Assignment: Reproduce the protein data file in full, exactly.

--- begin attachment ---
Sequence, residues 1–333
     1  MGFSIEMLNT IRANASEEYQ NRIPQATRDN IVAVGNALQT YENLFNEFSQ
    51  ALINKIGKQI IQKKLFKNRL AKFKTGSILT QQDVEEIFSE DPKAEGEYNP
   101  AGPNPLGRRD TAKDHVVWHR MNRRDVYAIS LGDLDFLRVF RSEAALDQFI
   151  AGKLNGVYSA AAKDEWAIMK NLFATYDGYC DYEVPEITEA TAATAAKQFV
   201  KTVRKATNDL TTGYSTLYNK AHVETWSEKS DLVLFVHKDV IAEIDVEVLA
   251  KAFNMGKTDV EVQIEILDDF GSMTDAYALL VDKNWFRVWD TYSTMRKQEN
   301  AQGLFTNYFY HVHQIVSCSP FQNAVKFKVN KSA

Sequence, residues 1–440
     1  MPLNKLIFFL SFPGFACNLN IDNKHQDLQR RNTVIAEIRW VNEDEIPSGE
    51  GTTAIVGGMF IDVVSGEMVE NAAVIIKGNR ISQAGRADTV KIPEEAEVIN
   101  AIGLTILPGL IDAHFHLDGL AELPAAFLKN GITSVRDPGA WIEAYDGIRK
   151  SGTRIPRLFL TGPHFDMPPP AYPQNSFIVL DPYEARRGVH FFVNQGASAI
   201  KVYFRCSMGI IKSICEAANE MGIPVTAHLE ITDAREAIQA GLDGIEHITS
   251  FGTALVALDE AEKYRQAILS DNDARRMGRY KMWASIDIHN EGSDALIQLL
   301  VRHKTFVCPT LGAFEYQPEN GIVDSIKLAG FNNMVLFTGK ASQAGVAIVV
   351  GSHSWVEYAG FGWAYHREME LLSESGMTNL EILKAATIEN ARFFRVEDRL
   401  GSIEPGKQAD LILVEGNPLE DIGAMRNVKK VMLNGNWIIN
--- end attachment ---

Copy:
Sequence, residues 1–333
     1  MGFSIEMLNT IRANASEEYQ NRIPQATRDN IVAVGNALQT YENLFNEFSQ
    51  ALINKIGKQI IQKKLFKNRL AKFKTGSILT QQDVEEIFSE DPKAEGEYNP
   101  AGPNPLGRRD TAKDHVVWHR MNRRDVYAIS LGDLDFLRVF RSEAALDQFI
   151  AGKLNGVYSA AAKDEWAIMK NLFATYDGYC DYEVPEITEA TAATAAKQFV
   201  KTVRKATNDL TTGYSTLYNK AHVETWSEKS DLVLFVHKDV IAEIDVEVLA
   251  KAFNMGKTDV EVQIEILDDF GSMTDAYALL VDKNWFRVWD TYSTMRKQEN
   301  AQGLFTNYFY HVHQIVSCSP FQNAVKFKVN KSA

Sequence, residues 1–440
     1  MPLNKLIFFL SFPGFACNLN IDNKHQDLQR RNTVIAEIRW VNEDEIPSGE
    51  GTTAIVGGMF IDVVSGEMVE NAAVIIKGNR ISQAGRADTV KIPEEAEVIN
   101  AIGLTILPGL IDAHFHLDGL AELPAAFLKN GITSVRDPGA WIEAYDGIRK
   151  SGTRIPRLFL TGPHFDMPPP AYPQNSFIVL DPYEARRGVH FFVNQGASAI
   201  KVYFRCSMGI IKSICEAANE MGIPVTAHLE ITDAREAIQA GLDGIEHITS
   251  FGTALVALDE AEKYRQAILS DNDARRMGRY KMWASIDIHN EGSDALIQLL
   301  VRHKTFVCPT LGAFEYQPEN GIVDSIKLAG FNNMVLFTGK ASQAGVAIVV
   351  GSHSWVEYAG FGWAYHREME LLSESGMTNL EILKAATIEN ARFFRVEDRL
   401  GSIEPGKQAD LILVEGNPLE DIGAMRNVKK VMLNGNWIIN